Title: Derailed: When Common Sense Eludes a Nation
Author: Solomon Mensah
Publisher(s): Wrenco Publications
Year of Publication: 2022
Number of Pages: 196
Reviewer: Manasseh Azure Awuni (Editor-in-Chief, The Fourth Estate)
In many Ghanaian folktales, the bravery of the hunter is often laced with spirituality. Some animals and trees the hunter encounters are portrayed as spiritual beings and they either impede or enhance his exploits in those stories. Such animals and trees speak the language of humans and how the hunter heeds or ignores their instructions or admonition often determines how successful he becomes.
In most cases, however, the hunter lives to hunt another night by knowing when to keep his mouth shut. He does not reveal everything he hears in the forest lest the spirits of the forest strike him dead or prevent him from returning home during his next hunting expedition.
The work of the journalist is akin to the discreet hunter. No journalist worth their calling publishes everything they know or hear. Some things are meant for only the ears of the journalist. Sources might risk losing their jobs or even lives if some information is traced to them. So, like the hunter, the success of a journalist depends largely on how they treat the raw materials of their trade — information.
Beyond classified information meant only for the hearer, however, the average journalist often reports less than they know from a given assignment. A press conference that lasts an hour can be reduced to a three-minute news item on television or radio, or summarised into a five-minute read in newspaper or online publication.
The off-the-record comments at press conferences, the question-and-answer sessions that give more explanation, as well as comments that are made by organisers of events at the coffee table may provide more information that may not make it to the story. Time and space are precious commodities in the newsroom.
There is another thing that is also often missing from news stories – the perspective of the journalist. One basic principle that is taught in a journalism class is that the journalist should not mix his/ her opinion with facts when reporting the news. For this reason, the work of some journalists in very conservative newsrooms is not different from those of programmed robots. They are conveyor belts that transfer what the newsmaker says or thinks — even if it’s plain stupidity — to the audience without his opinion or insights.
Some enterprising journalists go out of their way to provide facts that contradict or put the news sources’ information in the right context. However, that’s not all that is available to the journalist.
The principle that enjoins journalists not to mix opinion with facts and present them as they are, does not ban journalists from expressing their opinions. They can publish their opinions separately. Not many journalists are, however, able to take up this privilege and the reasons are not difficult to find.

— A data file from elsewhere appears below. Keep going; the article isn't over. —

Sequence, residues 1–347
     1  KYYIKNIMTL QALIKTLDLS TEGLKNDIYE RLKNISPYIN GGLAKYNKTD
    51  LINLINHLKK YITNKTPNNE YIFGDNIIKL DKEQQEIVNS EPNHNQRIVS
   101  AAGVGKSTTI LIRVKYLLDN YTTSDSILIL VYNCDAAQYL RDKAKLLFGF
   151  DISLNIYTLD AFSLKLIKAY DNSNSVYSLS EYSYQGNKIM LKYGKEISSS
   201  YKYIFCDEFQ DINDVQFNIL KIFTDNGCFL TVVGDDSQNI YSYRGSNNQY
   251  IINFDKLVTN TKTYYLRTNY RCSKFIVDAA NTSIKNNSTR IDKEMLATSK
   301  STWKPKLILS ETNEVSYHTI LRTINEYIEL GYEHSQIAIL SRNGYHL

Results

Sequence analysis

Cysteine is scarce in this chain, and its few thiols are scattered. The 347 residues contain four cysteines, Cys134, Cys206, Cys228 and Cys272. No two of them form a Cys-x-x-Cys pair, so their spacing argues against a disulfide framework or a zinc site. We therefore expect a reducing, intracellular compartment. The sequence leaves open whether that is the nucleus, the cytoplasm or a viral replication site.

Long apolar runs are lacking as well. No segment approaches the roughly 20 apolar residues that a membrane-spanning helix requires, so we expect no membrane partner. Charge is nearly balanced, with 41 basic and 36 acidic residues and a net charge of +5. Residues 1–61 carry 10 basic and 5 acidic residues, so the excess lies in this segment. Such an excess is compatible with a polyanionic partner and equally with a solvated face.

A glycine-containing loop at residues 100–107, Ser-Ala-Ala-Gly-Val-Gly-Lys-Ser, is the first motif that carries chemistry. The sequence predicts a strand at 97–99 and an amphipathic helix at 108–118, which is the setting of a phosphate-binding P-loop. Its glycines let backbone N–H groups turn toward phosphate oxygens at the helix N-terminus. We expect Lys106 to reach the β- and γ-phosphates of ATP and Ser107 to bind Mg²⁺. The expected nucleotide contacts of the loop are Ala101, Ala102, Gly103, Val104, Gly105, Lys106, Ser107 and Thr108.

Some journalists are lazy ― too lazy to write. Some cannot bear the attacks or negative reactions from audiences who may disagree with their opinion. This has worsened in the era of social media when politically-motivated and well-coordinated social media attack dogs are sometimes unleashed on persons whose opinions hurt the popularity of a government or political party. However, what keeps many journalists from exercising their right to opinion is the simple fact that they cannot write.
Writing is not easy. It takes hard work. It takes commitment and discipline. And above all, it takes a lot of courage to dare to write. I must say Solomon Mensah is one of the few hard-working, committed and courageous journalists I know. His book and its content give a better testimony to these attributes than I can say with words.
Someone once said that journalism is the ‘first rough draft of history’. I dare say “Derailed: When Common Sense Eludes a Nation”, is a polished draft of history within the period covered by Solomon’s writings. The book provides insightful perspectives in the areas of politics, security, sanitation, health, inspiration and a mixed basket of socio-economic issues whose existence and persistence assail the sensibilities of the right-thinking people in Ghana.
In this book, Solomon provides facts, interviews and critical analysis of the subjects and topics he writes about. He transports the reader back to the mood at the National Democratic Congress (NDC) headquarters, when the recalcitrant three were jailed by the Supreme Court for contempt and to the giant neem tree under which the Togolese family had spent about a decade of their lives. He takes you to the dying embers of the John Mahama administration and crosses you over the borderless era of the Akufo-Addo presidency when nothing appeared to have changed after the people voted for change.
In January 2016, Amaniampong – the cobbler at the Ghana Institute of Journalism (GIJ) – was a dreamer who saw his work as a stepping stone to his more ambitious dreams. At the time of publishing this book, Amaniampong has, indeed, moved on and his place has been taken by someone else.
DJ Switch has become an international icon who has performed for presidents on the global stage before her teenage. However, the person who gave her the initial push in her rise to stardom must not be discarded like leftover jollof rice at a funeral.
The variety of issues, the simplicity and depth of the writing as well as the timelessness of the topics make Solomon’s book intriguing and entertaining to the reader. To journalists and journalism students, it should serve as an inspiration and invitation to move beyond being just reporters of what others say or think. The journalist has a voice. And Solomon has shown just that.